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  • Investment is estimated to represent 22 percent of GDP. Over $1.5 billion in new investment has been registered since 2003. The bulk of this figure represents public investment financed through donor aid. One-third of this is foreign direct investment (FDI.) More than half has been in construction and construction material; the remainder split equally among industry and services.
  • Turkey is the largest single investor and accounts for over a fifth of all registered FDI. The United States is second with 17 percent of investment, followed by China and the UAE at less than ten percent and Pakistan and Iran at five percent.
  • The IMF estimates Afghanistan exported $457 million and imported $3.86 billion in FY2005.
  • Afghanistan’s top export markets are Pakistan, India and the European Union. Imports primarily come from China, Japan, Pakistan, the Central Asian Republics and the European Union.
  • The U.S. Department of Commerce estimates U.S. exports to Afghanistan were approximately $257 million and non-assistance related imports were approximately $69 million in 2005.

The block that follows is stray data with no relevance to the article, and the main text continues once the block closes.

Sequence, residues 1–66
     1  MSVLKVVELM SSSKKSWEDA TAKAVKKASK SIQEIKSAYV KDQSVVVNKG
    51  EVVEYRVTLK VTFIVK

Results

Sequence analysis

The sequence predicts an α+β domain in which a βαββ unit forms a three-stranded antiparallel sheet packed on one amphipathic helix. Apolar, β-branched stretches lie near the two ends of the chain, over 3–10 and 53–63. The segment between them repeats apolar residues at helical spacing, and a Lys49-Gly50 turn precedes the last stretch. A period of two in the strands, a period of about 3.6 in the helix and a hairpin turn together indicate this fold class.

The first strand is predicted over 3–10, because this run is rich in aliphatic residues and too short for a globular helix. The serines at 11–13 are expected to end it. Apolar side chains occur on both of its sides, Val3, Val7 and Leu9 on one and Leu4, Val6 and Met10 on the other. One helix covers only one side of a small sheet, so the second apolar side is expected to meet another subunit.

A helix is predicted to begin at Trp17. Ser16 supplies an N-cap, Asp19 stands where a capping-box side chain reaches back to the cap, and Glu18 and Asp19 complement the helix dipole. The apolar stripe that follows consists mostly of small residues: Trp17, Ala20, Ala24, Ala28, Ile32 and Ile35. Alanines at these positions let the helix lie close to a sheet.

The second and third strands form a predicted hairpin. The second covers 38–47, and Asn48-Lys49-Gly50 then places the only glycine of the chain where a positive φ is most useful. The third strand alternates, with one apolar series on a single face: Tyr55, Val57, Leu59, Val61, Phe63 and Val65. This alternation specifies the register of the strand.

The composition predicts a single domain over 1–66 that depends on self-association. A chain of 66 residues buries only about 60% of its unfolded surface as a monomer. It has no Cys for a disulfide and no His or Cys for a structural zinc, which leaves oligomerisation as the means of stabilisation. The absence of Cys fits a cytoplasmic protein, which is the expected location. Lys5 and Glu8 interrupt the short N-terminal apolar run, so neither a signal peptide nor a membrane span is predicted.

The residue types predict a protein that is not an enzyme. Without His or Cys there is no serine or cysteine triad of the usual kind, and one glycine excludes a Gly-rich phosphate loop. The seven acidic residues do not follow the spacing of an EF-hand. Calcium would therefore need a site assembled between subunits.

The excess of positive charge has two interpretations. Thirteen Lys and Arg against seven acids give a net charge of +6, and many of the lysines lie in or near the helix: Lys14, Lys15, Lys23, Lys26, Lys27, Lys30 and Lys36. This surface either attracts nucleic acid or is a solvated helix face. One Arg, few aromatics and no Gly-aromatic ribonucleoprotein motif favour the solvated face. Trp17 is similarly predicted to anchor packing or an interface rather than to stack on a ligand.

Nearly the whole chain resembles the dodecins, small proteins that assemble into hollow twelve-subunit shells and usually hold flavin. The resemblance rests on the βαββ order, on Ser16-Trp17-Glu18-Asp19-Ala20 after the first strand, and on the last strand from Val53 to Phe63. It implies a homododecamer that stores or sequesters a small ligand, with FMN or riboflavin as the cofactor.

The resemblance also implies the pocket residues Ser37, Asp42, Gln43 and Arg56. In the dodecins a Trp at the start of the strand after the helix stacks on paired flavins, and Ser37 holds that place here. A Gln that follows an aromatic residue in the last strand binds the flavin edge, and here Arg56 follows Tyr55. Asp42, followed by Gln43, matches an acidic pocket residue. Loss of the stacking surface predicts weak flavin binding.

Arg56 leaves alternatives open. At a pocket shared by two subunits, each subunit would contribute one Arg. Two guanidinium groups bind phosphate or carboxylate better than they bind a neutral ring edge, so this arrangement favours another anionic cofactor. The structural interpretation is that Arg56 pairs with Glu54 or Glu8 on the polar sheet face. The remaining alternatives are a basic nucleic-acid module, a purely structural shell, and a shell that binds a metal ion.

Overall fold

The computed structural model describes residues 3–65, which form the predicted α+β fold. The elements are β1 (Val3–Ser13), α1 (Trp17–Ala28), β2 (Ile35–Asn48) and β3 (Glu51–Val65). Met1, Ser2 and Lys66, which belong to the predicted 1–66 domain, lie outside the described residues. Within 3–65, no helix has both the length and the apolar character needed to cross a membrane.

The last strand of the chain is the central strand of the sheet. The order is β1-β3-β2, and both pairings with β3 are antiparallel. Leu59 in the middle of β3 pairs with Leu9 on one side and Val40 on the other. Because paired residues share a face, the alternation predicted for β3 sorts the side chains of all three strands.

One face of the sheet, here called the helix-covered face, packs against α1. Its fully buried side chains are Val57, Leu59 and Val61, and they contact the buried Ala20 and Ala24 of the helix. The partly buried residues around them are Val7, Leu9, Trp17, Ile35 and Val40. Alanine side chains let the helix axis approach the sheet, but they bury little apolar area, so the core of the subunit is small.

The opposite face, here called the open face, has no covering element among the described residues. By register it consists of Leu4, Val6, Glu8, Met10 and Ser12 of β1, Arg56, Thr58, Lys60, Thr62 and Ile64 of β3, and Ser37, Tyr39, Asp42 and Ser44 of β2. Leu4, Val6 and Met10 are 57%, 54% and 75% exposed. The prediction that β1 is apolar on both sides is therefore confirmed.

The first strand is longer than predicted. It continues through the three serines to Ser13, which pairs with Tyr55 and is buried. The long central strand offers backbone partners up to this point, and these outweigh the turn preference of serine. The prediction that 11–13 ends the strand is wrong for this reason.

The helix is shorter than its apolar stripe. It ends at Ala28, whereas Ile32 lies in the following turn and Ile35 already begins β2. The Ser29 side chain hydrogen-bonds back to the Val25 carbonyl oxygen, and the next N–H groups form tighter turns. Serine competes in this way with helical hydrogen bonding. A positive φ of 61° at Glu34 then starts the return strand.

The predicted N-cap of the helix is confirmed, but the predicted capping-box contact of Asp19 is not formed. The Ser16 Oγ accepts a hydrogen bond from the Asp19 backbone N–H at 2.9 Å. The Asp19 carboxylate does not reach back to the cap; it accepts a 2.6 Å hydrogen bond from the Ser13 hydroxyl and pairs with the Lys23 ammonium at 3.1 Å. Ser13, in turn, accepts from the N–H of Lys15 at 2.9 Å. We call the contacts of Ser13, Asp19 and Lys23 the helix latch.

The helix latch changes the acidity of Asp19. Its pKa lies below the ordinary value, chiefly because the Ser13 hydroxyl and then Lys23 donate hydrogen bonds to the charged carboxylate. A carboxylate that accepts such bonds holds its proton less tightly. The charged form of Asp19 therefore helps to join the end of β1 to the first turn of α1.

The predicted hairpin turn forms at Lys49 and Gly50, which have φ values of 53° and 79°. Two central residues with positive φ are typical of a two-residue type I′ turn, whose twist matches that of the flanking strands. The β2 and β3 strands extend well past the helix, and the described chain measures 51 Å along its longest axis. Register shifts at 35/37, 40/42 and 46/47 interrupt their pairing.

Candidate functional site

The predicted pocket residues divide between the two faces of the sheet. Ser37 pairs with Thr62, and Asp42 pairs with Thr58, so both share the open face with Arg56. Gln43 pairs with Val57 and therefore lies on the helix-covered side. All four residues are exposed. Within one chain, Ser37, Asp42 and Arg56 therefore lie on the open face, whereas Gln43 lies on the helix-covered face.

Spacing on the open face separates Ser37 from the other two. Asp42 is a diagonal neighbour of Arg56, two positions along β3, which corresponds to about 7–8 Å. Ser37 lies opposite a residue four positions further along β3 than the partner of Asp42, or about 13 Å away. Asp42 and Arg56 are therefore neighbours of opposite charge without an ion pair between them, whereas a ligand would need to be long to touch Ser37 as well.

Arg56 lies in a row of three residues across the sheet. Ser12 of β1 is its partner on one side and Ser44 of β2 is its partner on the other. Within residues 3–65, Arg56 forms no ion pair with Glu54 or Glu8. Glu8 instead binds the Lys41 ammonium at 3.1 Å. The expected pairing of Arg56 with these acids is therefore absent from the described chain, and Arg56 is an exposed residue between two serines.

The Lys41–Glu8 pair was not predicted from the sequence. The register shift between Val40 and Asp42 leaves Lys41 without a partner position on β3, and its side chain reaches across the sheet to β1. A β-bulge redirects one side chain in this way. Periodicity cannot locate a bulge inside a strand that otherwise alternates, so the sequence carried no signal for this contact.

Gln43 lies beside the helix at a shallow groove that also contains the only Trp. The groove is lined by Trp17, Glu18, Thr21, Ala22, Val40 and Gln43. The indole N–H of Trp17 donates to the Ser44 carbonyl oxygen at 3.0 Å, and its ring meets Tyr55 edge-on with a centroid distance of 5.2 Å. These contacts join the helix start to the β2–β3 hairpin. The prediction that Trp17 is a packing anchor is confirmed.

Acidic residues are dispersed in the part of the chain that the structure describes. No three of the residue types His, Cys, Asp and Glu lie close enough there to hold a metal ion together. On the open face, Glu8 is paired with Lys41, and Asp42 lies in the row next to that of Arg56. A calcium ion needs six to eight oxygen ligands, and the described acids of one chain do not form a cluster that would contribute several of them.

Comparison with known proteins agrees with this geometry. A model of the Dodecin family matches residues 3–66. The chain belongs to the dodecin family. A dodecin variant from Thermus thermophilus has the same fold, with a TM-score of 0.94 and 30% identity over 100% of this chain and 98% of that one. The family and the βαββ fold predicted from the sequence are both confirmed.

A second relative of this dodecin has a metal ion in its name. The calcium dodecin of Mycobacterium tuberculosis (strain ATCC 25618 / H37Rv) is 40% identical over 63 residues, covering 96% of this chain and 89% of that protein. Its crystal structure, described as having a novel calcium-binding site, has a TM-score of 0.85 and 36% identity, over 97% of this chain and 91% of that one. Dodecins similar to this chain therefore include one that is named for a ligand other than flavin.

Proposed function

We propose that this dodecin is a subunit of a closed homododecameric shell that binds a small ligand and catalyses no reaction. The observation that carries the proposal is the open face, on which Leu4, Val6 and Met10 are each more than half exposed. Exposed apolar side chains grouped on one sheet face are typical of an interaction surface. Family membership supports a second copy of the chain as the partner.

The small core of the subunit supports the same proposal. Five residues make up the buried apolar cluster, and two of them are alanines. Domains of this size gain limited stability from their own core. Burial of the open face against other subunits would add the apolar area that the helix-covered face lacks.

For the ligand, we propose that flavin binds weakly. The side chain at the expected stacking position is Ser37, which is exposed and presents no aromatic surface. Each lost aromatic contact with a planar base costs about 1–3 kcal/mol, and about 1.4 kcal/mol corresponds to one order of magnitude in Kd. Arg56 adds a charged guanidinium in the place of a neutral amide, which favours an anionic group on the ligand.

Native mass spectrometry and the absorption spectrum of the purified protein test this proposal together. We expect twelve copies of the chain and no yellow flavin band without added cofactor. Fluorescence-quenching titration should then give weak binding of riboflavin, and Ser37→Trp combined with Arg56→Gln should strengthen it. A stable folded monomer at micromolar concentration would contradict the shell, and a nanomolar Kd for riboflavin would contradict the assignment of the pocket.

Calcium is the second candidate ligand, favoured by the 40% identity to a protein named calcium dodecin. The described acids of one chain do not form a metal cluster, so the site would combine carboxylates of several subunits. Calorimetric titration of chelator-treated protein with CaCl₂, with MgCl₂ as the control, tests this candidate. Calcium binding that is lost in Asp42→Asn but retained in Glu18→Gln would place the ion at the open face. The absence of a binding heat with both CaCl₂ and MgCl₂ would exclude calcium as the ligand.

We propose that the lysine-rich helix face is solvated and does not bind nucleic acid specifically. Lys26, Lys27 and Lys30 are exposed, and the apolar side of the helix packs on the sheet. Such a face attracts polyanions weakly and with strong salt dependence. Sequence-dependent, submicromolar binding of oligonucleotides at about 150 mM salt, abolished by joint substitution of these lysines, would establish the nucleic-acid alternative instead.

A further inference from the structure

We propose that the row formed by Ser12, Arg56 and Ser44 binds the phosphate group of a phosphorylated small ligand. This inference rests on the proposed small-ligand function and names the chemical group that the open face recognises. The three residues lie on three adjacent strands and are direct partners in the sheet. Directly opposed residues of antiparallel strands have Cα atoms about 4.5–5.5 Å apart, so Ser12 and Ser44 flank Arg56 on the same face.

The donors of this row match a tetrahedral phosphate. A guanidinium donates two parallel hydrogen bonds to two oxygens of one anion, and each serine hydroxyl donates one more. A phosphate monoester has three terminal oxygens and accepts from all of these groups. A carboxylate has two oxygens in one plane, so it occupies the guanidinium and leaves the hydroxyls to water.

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  • Afghanistan’s history and location give it the potential to develop into a vital trade and transit hub for the region.

Market Challenges

  • Poor infrastructure, including power, transport and telecommunications.
  • A weak legal framework and judicial and regulatory enforcement.
  • High levels of corruption.
  • Inadequate access to land and to secure land title.
  • A nascent commercial banking system, which provides limited commercial financing.
  • Customs r egulations and procedures that are neither transparent nor uniform.
  • A shortage of skilled labor and trained personnel both in the government and among the workforce.
  • A critical threat security situation.

Market Opportunities

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  • Market opportunities are largely driven by Afghanistan's need to completely renovate its infrastructure. Substantial opportunities for U.S. firms are linked to donor and international finance institution (IFIs, including the World Bank, Asian Development Bank) funded reconstruction efforts. Companies are advised to monitor donor and IFI programs for potential opportunities.